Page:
Summing it up: Peterson and McCoy are two of the most dangerous offensive players in the NFL and are difference-makers. But what's also clear is why teams don't like to shell out huge money for running backs. Washington’s Alfred Morris, who is 93rd on the list of running backs when it comes to 2014 cap figures ($600,775), was as productive running the ball as Peterson. Morris ran for 1,275 yards and seven touchdowns, averaging 4.6 yards a carry. Peterson rushed for 1,266 yards and 10 touchdowns, averaging 4.5 yards per rush. Rice ran for 660 yards in 15 games, averaging 3.1 yards on 214 carries. Foster only played in eight games. Forte is an excellent all-around back and was productive. But the Redskins are fortunate they won’t have to shell out more money here for two more years.

Offensive line

NFL's top five cap hits

LT Joe Thomas, Cleveland, $12,300,000

LT D'Brickashaw Ferguson, New York Jets, $11,698,666

LT Russell Okung, Seattle, $11,240,000

G Jahri Evans, New Orleans, $11,000,000

LT Trent Williams, Washington, $10,980,393

Redskins top cap hit

Britt
Williams
Williams

Summing it up: Williams is one of the games best tackles so for him to be in this group makes sense. He could be more consistent and avoid the clunker game, but overall Williams has proven himself and earned two Pro Bowl trips. I'd have a hard time paying a guard as much as Evans, but at least he's an elite player with five consecutive All-Pro nods (in addition to five straight Pro Bowl berths). Okung, drafted one spot after Williams in 2010, has missed 19 games in his career and made one Pro Bowl team. Williams has played in every game the past two seasons. Because of his athleticism, the Redskins can use him differently than other teams use their tackles.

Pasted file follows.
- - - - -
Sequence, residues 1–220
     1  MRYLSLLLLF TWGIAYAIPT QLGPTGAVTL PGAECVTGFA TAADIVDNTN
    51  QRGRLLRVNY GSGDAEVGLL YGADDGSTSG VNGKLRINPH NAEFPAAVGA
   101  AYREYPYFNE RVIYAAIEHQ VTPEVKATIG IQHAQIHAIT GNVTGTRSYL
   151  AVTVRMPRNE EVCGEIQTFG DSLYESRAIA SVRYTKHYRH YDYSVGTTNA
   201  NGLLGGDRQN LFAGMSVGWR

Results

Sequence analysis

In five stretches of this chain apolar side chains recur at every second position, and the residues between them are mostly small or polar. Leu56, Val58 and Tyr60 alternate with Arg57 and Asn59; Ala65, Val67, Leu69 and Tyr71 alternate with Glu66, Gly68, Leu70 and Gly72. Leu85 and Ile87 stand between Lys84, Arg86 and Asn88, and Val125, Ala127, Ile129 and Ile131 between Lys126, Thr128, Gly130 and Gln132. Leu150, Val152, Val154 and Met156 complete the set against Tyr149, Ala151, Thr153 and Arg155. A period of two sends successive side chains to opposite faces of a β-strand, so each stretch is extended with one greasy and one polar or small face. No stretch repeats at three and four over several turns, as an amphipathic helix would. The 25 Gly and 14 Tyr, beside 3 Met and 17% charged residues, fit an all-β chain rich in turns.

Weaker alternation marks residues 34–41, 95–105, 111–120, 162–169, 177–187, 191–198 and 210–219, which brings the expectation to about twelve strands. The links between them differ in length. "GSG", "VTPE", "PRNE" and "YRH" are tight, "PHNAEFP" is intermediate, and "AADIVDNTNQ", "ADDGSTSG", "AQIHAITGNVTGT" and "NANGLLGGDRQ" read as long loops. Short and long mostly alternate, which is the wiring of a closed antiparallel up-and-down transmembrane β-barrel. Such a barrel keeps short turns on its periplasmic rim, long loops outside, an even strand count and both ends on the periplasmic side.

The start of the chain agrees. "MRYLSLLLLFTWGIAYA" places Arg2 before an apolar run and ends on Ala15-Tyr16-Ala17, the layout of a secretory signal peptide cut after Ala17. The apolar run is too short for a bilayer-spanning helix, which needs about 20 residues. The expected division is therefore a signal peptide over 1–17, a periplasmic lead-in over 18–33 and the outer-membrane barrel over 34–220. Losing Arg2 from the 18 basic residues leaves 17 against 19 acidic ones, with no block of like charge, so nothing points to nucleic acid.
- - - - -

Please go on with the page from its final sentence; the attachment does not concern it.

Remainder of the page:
Tight end

NFL's top five cap hits

Jason Witten, Dallas, $8,412,000

Marcedes Lewis, Jacksonville, $8,250,000

Greg Olsen, Carolina, $7,800,000

Antonio Gates, San Diego, $7,362,500

Vernon Davis, San Francisco, $7,342,916

Redskins top cap hit

Paulsen
Logan Paulsen $2,236,666 (21st overall)

Summing it up: Yet another position where the Redskins have a bargain for a few more seasons. This isn’t about how Paulsen stacks up, but really about Jordan Reed. If he can stay healthy, this will be the company he keeps statistically. I love watching Davis because of the matchup headaches he causes based on his athleticism. It’s the same with Reed. Marcedes Lewis has had a nice eight-year career and is an excellent blocker, but No. 2 on this list? He has 25 career touchdown catches, but 10 came in one season. The others are proven pass threats. Of course, this list will change once Jimmy Graham's situation is settled with New Orleans.
Depending on who you talked to, receiver DeSean Jackson missing the first week of voluntary workouts was either no big deal or the greatest sin committed in some time.

But all is fine now. Jackson showed up for the start of Week 2 of the workouts, with the Redskins tweeting a picture of him in the weight room.


I didn't have a big problem with him missing the first week, mainly because he told the Redskins before he signed about a previously scheduled trip. Yes, there are some who say it would have been a good move for him in terms of public perception had he cancelled his trip and showed up last week. Maybe they're right. One agent said Jackson could have recouped the money he lost from a cancelled trip by working it into this contract.